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dive-the-blues-scuba-2017-dive-against-debris-trashed-bottom-3However, Project AWARE goes even further.  Not only does the organization work to reduce underwater impacts of marine debris, but to prevent trash from entering the ocean in the first place.  Through “Partnerships Against Trash,” Project AWARE works with businesses, NGOs and governments to advocate for long-term solutions and influence waste management policies at local, national and international levels.

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Since my experience running this event was so positive and down-right run, I have decided to take my activism to the next level.  Ultimately, the most dedicated Dive Against Debris leaders across the globe are increasing commitments to the fight against ocean trash through another program called “Adopt a Dive Site™” (ADS).   Leveraging enthusiastic dive instructors, and concerned dive centers and resorts, ADS ensures ongoing local protection and monitoring of our underwater playgrounds.

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captureMy dive business Dive the Blues Scuba and I have adopted Kadena North as “my” dive site to care for.  This means I have committed to executing monthly Dive Against Debris surveys and then reporting types and quantities of trash found underwater each month from that same location.  To support this effort, Project AWARE will be supplying some additional survey tools, and will provide a yearly report on the state of my local dive site.  ADS is focused on removing debris on a sustained basis to ultimately improve the health of local ecosystems.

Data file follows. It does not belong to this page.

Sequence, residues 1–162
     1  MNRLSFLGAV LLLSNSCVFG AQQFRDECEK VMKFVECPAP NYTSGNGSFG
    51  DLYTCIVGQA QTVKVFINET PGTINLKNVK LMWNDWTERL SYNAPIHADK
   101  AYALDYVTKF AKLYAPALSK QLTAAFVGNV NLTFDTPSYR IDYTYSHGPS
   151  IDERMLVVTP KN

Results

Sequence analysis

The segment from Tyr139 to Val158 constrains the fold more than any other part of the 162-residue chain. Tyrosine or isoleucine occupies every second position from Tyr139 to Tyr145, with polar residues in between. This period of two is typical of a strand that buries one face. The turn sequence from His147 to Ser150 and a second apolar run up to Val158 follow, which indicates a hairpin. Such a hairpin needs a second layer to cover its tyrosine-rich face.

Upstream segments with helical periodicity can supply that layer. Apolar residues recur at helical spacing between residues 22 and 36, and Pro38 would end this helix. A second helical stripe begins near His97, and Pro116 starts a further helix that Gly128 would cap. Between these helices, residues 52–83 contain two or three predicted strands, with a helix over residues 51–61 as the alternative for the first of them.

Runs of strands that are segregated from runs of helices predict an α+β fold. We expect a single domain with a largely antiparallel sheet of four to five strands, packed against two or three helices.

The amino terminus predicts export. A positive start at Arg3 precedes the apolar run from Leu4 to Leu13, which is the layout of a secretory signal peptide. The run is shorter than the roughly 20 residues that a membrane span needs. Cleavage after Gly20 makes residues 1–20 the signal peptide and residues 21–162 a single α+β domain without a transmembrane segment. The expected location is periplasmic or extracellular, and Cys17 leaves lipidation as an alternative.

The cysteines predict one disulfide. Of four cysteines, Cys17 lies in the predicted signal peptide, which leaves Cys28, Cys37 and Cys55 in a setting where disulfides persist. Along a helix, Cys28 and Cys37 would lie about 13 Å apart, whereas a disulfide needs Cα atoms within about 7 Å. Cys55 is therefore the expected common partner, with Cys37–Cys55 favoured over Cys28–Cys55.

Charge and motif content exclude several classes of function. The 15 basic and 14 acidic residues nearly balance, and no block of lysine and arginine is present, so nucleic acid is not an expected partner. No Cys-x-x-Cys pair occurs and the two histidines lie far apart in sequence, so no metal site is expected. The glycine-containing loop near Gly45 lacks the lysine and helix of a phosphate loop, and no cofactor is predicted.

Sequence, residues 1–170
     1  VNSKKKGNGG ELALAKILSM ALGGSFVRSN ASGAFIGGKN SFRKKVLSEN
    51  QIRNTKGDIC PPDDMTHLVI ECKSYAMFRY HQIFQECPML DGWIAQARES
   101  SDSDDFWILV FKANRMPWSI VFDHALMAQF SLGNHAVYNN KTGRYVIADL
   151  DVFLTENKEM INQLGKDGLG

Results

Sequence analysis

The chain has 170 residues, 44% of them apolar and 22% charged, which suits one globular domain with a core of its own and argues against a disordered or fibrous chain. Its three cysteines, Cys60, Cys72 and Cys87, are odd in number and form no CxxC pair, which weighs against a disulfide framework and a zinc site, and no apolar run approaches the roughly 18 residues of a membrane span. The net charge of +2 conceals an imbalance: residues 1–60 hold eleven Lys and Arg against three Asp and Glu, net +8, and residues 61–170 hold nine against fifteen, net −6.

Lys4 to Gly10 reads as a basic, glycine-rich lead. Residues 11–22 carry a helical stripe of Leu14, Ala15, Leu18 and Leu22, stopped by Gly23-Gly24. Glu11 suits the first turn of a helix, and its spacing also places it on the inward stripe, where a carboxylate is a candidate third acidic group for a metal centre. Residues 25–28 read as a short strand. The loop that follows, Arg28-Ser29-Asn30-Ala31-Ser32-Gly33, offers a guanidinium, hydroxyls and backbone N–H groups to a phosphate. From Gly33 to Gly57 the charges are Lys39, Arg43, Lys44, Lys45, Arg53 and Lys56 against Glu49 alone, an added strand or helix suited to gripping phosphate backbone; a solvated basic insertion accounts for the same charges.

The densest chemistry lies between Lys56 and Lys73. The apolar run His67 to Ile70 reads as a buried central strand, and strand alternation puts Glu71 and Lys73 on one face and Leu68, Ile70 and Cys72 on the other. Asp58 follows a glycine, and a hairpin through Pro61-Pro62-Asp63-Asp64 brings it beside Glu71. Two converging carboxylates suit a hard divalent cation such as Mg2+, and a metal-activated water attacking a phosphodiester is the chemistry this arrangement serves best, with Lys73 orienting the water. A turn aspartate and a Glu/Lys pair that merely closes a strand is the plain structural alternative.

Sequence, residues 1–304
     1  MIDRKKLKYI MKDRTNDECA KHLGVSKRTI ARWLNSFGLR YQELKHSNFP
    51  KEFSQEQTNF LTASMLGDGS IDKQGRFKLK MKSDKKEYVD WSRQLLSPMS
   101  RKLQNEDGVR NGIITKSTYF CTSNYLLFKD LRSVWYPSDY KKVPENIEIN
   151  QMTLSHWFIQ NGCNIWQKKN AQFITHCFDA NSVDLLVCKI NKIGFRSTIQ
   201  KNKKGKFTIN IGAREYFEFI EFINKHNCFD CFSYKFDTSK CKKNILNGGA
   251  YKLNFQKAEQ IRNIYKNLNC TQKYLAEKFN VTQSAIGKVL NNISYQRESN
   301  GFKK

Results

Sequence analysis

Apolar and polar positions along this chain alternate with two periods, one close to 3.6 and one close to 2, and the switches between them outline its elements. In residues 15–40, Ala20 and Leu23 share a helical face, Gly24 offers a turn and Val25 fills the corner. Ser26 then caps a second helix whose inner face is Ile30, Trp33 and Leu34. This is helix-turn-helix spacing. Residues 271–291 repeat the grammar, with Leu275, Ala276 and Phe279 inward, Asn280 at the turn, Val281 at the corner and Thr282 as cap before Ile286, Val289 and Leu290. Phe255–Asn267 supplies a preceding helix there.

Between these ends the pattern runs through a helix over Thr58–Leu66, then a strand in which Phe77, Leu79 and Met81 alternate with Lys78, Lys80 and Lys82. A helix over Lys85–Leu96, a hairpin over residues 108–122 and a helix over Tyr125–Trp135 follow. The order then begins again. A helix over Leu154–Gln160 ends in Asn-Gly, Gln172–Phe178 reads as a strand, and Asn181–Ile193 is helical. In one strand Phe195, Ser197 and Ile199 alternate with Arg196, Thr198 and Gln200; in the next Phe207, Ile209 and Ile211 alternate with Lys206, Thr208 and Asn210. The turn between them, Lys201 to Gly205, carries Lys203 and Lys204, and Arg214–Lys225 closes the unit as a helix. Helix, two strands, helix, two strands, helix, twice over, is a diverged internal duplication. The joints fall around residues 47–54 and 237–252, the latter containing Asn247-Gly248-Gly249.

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You can view “My Ocean Profile” at Project AWARE to see these local actions, and see the details of my first Dive Against Debris survey.  Finally, you can see my first Adopt a Dive Site event where you can determine if you too want to come out and become an active part of the solution, rather than be a passive part of the problem.

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And don’t forget to come out and support my February 2017 Dive Against Debris survey this President’s day, February 20th, starting at 0900 local at Kadena North Steps.  Together, we can work toward a cleaner, healthier ocean planet.  One dive at a time.  And ultimately, we as a global nation of divers will be judged all the greater for it.

Dive Against Debris Lesson Guide


For those divers interested in qualifying for the PADI Project AWARE “Dive Against Debris” (DAD), please review the below PowerPoint briefing .  For any questions, please contact me thru Dive the Blues Scuba on Facebook.  Thanks for your interest and involvement in helping to care for our oceans!

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Water Safety Stand-Down, or Punitive Stand Around??


“Excellence is an art won by training and habituation.  We do not act rightly because we have virtue or excellence, but we rather have those because we have acted rightly.  We are what we repeatedly do.  Excellence, then, is not an act but a habit.”  ~Aristotle

Okinawa, as well as the wider Pacific basin (Korea, Japan and Hawaii, in terms of the Marine Corps at least), is going through a temporary ban/prohibition on recreational water activities.  Due in part to the drowning deaths of two Marines this past weekend, but certainly exacerbated by other deaths and numerous serious permanent injuries from earlier in the year.  The Commanding General here in Okinawa says it isn’t punitive – but it is.  And the stand-down is supposed to be about “resetting” the force to help improve water safety so that we all can better and more safely enjoy the water sports for which Okinawa is famous…which it doesn’t.